PetroChina Co., the nation's top oil and gas producer, will import 40 percent of the crude oil it needs for refining this year, up from 30 percent in 2006, a company official said over the weekend.
The move highlights China's increasing reliance on imported crude oil as demand for fuel grows rapidly.
The company plans to process up to 120 million tons of crude this year, 10 million to 20 million tons more than last year, Zhang Hong, a deputy chief economic adviser at PetroChina's refining and marketing unit, said on the sidelines of an energy forum in Shanghai.
China imported 47 percent of its oil needs last year. The ratio could rise one percentage point per year through 2020, according to Jiang Xinmin of the Energy Research Institute under the National Development and Reform Commission.
Zhang also said the company's refining business would remain in the black if crude oil prices are below US$65 a barrel. China caps refined oil prices to keep inflation in check, leaving refineries unprofitable when crude costs are high.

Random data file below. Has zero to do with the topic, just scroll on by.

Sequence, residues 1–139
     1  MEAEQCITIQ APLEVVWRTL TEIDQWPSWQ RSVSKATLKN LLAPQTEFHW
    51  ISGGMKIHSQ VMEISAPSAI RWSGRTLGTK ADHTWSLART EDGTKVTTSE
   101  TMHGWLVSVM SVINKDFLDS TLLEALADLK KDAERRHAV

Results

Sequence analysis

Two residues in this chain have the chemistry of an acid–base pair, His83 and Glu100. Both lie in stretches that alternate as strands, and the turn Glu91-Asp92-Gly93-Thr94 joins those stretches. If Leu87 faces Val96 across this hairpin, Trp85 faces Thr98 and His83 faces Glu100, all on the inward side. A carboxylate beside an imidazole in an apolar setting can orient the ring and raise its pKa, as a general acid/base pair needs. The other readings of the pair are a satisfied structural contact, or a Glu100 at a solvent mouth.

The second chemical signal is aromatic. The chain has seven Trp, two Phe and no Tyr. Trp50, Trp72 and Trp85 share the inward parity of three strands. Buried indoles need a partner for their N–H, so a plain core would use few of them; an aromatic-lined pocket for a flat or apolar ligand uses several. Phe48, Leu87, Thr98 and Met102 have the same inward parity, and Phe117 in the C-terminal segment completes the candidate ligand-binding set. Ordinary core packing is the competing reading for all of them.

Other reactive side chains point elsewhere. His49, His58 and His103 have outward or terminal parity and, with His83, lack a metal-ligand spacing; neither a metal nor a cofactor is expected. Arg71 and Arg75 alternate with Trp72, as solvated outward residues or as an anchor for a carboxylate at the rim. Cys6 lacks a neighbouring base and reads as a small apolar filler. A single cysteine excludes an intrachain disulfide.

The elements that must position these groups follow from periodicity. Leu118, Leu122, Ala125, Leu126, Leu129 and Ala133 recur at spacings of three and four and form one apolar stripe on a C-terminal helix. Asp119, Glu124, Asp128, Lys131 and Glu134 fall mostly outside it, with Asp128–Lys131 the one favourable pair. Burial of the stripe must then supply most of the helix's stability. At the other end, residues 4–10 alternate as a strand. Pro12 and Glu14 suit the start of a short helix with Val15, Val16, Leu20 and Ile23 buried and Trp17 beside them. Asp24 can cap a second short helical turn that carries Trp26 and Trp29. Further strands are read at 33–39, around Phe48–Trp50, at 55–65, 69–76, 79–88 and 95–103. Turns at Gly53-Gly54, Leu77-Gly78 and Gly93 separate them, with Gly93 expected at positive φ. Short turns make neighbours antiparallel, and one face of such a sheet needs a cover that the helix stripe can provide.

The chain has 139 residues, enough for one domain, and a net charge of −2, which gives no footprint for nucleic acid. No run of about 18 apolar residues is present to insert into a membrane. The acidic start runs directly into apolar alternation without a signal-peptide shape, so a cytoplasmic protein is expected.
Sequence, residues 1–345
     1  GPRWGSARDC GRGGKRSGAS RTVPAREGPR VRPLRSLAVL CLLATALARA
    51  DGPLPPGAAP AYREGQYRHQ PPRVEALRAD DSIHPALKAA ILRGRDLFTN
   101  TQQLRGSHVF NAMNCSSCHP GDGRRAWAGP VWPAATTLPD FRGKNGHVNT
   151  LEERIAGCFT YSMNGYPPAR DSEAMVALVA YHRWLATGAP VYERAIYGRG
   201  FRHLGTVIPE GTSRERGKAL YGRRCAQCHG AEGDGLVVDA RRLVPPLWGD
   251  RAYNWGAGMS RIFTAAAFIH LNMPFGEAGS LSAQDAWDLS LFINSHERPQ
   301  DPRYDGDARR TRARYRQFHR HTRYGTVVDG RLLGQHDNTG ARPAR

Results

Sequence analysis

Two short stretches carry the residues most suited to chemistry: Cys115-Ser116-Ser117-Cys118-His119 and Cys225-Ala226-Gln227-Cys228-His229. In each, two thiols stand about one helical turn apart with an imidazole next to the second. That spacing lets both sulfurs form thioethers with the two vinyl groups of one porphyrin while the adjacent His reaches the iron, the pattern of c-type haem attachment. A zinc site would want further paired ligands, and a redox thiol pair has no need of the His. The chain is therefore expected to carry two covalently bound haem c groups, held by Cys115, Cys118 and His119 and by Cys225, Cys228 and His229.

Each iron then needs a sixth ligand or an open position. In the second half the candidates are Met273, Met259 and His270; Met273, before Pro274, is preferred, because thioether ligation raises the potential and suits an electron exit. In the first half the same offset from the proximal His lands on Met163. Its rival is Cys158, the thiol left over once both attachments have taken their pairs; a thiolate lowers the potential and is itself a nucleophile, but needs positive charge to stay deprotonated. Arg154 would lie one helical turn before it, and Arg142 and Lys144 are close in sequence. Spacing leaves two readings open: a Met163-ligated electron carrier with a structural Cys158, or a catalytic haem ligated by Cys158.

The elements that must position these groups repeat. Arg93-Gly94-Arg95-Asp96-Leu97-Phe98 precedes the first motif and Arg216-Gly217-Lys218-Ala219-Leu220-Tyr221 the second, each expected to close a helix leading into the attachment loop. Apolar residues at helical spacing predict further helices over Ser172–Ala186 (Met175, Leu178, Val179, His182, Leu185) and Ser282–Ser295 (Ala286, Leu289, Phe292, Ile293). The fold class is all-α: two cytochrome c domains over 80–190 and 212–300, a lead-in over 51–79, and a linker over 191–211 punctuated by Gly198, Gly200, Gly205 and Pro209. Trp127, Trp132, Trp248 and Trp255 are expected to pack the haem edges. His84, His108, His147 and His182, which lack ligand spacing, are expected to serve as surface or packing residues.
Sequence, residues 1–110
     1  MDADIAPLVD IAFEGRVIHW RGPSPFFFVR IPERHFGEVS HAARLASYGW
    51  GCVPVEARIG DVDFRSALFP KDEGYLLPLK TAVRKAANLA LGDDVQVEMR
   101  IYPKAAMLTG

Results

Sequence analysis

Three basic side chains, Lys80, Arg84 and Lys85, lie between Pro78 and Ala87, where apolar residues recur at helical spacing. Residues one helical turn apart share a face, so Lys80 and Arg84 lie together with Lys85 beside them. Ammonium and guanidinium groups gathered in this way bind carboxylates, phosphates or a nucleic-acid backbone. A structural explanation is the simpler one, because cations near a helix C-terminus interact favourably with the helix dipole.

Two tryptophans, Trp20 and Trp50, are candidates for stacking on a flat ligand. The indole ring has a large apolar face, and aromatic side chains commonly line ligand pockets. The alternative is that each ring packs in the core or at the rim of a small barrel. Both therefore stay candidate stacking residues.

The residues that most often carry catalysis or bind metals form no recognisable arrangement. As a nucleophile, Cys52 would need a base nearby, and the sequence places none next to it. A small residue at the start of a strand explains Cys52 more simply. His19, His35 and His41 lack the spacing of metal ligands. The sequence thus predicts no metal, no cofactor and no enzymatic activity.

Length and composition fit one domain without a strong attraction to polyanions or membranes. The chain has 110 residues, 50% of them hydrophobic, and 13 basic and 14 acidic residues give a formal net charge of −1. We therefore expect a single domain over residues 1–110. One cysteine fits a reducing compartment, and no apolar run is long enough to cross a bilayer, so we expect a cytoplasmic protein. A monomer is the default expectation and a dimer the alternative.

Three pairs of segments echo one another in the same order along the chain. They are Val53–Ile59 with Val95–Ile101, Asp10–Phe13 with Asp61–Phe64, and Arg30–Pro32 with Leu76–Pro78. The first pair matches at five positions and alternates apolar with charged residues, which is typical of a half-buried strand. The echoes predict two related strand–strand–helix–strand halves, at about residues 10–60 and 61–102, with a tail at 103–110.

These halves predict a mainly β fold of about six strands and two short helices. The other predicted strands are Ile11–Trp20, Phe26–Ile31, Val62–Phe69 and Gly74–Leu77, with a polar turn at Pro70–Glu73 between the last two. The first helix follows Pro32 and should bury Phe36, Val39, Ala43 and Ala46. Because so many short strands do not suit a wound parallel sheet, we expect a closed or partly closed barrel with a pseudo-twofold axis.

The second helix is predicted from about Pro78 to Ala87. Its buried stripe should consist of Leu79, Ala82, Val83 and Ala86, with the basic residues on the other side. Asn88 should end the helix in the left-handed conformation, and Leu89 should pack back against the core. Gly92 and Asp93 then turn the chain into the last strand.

Crude futures in New York on Friday were quoted above US$70 a barrel for the first time since August.
Separately, Sinopec Corp., China's largest oil refiner, has signed an initial agreement with South Korean counterpart SK Corp. to form a joint venture to build a 14.7 billion yuan (US$1.9 billion) petrochemical plant in central China, Shu Zhaoxia, a senior engineer at Sinopec parent China Petrochemical Corp's economics and development research institute, told reporters at the forum, confirming early reports that SK may join.
Shu declined to give further details on the deal. Earlier reports had said Formosa Plastics Group in Taiwan was also considering taking a stake in the project.
To be located in Wuhan, Hubei Province, the project will be able to produce 800,000 tons of ethylene, a basic petrochemical building block, a year when operation starts by 2010. It's the first refining and chemical project to operate at such a large scale in central China.
(Shanghai Daily July 2, 2007)